You just can’t get away from that ringing in your ears. It’s been over two days and you can still hear that nagging buzzing in your ears. You’re aware that the ringing is tinnitus but your starting to be concerned about how long it will keep going.
Tinnitus can be brought on by damage to the stereocilia in your ears (they’re the very small hairs that pick up air vibrations that your brain then transforms into intelligible sound). That damage is typically the outcome of excessively loud noise. That’s why when you’re seated near a booming jet engine, or out at a noisy restaurant, or attending a concert, you notice tinnitus the most.
How Long Does Tinnitus Persist on Average?
There’s no cure for tinnitus. But that doesn’t mean it’ll never go away. There will be a wide variety of factors that will establish how long your tinnitus will last, such as the underlying cause of your tinnitus and your overall hearing health.
But if you just returned home from a noisy day of traveling and you find your ears ringing, a couple of days should be sufficient for you to notice your tinnitus fading away. Typically, tinnitus will persist for 16 to 48 hours. But in some cases, symptoms can last as much as a couple of weeks. Further exposure to loud sounds could also cause tinnitus to flare up again, effectively resetting the clock.
It’s typically suggested that you consult a specialist if your tinnitus continues and particularly if your tinnitus is detracting from your quality of life.
Why is Tinnitus Sometimes Irreversible?
Tinnitus is normally short-lived. But occasionally it can be long-lasting. When the root cause is not ordinary that’s particularly true When it comes to degree and origin. Here are a few examples:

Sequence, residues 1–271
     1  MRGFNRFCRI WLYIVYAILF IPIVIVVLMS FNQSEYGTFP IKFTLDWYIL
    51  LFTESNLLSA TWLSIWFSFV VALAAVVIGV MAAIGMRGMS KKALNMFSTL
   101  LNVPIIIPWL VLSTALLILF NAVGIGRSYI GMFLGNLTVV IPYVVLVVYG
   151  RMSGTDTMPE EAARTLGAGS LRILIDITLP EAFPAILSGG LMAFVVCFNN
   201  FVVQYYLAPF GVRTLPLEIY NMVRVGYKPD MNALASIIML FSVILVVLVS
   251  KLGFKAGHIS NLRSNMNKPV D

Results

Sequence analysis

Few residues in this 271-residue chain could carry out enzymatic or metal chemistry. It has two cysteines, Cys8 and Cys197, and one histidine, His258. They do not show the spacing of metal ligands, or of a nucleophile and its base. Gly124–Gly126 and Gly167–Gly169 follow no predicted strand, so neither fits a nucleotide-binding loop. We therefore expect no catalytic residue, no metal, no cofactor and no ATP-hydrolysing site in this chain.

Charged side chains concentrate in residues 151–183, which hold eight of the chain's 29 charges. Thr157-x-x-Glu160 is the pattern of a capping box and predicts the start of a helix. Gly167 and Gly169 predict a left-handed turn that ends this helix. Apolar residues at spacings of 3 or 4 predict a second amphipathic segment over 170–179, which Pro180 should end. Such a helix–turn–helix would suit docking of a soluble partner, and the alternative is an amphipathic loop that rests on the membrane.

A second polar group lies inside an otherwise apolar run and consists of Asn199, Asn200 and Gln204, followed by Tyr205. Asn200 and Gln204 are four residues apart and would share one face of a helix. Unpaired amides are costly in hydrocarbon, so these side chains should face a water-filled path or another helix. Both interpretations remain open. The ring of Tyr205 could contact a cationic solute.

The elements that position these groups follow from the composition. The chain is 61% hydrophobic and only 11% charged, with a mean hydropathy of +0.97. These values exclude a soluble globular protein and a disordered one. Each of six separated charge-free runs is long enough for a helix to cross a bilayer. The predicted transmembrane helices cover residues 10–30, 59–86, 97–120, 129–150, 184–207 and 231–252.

- Hearing loss: Tinnitus and hearing loss often go together. So you might end up with irreversible tinnitus regardless of the cause of your hearing loss.
- Traumatic Brain Trauma (TBI): The brain is where most sound is processed. When those processors start to misfire, due to traumatic brain injury, tinnitus can be the outcome.
- Repeated exposure: If your ears are buzzing after one rock concert, imagine how they’ll feel after five rock concerts a week or if you’re a musician who performs concerts and practices all day. Frequent exposure to loud noises can lead to permanent hearing damage, tinnitus included.
Permanent tinnitus is substantially less common than its more temporary counterpart. But there are still millions of Us citizens each year who are treated for lasting, or chronic, tinnitus symptoms.
How do You Get Your Tinnitus to go Away?
It doesn’t matter if your tinnitus is short lived or long lived, you may want to get relief as soon as you can. There isn’t a cure for tinnitus but you can do some things to minimize the symptoms (though they may last only so long):
- Try to stay calm: Maybe it sounds a little… abstract, but remaining calm can really help keep your tinnitus in check, mostly because increases in blood pressure can induce tinnitus flare-ups.
- Wear earplugs (or earmuffs): If you can’t avoid loud situations, then safeguarding your hearing is the next best step. (And, really, whether you suffer from tinnitus or not, you need to use hearing protection.)
- Find a way to mask the sound: You can in some cases drown out the sound and get a restful nights sleep by using some source of white noise such as a fan or humidifier.
- Avoid loud noises. Your symptoms could be prolonged or may become more severe if you keep exposing yourself to loud noises like rock concerts or a jet engine.
To be certain, if you have permanent tinnitus, none of these strategies will get rid of your tinnitus. But it can be just as important to manage and reduce your symptoms.
When Will Your Tinnitus Disappear?
In most circumstances, though, your tinnitus will subside without you needing to do anything about it. Just wait the 16-48 hours and your hearing should go back to normal. However, if your tinnitus persists, you’ll want to find a solution. The sooner you find a treatment that is effective, the sooner you can experience relief. Get your hearing tested if you think you have hearing loss or tinnitus.